The crypto industry has exploded in recent years, and authorities in different countries have been reacting in very different ways. Some have banned cryptocurrencies, while others are embracing them to varying degrees. Some are working hard to align their anti-money laundering regulations with FATF standards, while others are turning a blind eye. A few countries have confiscated huge quantities of crypto assets linked to crime and money laundering.
A model law on non-conviction based forfeiture (NCBF), drafted 10 years ago by UNODC to support countries in Latin America in their efforts to recover stolen assets, will be updated following four days of intense discussions among practitioners and asset recovery experts from across the continent.
Twenty-five practitioners from 12 countries gathered online on 29 June for the first virtual meeting of the new Knowledge Community on Asset Recovery in Latin America.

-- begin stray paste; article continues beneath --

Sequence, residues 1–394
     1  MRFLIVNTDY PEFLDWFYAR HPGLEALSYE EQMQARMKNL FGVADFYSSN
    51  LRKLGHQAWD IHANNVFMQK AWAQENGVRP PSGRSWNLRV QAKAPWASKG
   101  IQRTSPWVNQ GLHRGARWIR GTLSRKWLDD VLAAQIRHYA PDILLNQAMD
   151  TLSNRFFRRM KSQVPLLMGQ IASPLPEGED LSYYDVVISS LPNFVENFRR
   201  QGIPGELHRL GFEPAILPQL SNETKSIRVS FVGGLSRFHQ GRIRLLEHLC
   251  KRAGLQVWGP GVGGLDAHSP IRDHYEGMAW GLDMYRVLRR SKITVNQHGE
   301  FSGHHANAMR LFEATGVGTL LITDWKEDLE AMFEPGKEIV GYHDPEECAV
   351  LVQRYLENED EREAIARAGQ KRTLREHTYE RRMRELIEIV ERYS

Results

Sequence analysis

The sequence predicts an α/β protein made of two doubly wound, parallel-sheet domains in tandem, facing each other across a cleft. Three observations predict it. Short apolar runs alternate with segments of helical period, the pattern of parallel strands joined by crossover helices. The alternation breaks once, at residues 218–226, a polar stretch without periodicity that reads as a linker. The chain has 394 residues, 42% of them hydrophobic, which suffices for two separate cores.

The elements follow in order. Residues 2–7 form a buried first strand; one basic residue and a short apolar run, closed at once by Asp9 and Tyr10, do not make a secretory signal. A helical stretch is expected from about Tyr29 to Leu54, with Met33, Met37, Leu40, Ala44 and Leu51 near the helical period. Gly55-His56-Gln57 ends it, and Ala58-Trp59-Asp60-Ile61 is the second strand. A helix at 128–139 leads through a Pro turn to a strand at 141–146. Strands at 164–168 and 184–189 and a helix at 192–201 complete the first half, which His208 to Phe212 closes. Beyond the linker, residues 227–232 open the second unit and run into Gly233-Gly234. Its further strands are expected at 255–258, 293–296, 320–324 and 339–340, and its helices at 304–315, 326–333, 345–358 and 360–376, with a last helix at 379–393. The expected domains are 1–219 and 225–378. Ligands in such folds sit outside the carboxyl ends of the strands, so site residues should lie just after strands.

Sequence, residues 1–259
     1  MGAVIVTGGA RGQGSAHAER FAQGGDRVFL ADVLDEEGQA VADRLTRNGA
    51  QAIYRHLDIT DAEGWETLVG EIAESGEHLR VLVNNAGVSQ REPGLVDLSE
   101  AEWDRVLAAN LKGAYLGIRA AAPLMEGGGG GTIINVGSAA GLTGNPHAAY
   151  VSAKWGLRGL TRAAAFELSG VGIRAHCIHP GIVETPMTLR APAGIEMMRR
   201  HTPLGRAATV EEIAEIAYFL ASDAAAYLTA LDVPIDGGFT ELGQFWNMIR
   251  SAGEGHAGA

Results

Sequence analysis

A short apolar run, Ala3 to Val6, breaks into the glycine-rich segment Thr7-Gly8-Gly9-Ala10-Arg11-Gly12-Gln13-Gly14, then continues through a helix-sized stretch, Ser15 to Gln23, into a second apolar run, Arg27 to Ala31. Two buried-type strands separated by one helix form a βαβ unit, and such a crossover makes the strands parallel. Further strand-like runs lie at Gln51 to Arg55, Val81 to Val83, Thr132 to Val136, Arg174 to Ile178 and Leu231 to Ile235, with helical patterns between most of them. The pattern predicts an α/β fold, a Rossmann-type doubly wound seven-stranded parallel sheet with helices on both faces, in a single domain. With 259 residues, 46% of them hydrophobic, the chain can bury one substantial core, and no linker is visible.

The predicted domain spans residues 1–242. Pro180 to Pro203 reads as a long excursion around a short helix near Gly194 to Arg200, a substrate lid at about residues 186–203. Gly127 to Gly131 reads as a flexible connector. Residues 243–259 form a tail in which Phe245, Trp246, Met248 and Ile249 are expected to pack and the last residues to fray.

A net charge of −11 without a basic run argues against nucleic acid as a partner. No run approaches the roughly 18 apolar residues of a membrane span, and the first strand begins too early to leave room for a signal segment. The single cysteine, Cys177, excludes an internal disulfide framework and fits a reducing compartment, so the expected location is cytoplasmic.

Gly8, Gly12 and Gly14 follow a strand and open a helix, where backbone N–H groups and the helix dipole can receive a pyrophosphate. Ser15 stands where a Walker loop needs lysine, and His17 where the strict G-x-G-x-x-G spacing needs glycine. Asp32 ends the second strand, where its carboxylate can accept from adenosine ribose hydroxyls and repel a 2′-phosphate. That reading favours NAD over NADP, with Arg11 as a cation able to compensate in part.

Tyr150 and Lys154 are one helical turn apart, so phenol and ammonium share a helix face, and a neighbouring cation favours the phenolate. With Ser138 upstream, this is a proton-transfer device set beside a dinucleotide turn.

An initiative of the Basel Institute’s International Centre for Asset Recovery, the regional Knowledge Community provides a collaborative space for interaction between leading practitioners in the field of asset recovery and international judicial cooperation in criminal matters.
On February 3, 2019, 37-year-old former mayor of San Salvador Nayib Bukele – the charismatic, anti-establishment, fringe-party candidate – won 53 percent of the vote in El Salvador’s presidential election. He takes office in June. The challenge confronting Bukele is stark, especially when it comes to the rule of law. But there are concrete things the international community can do to help the new president and his citizens.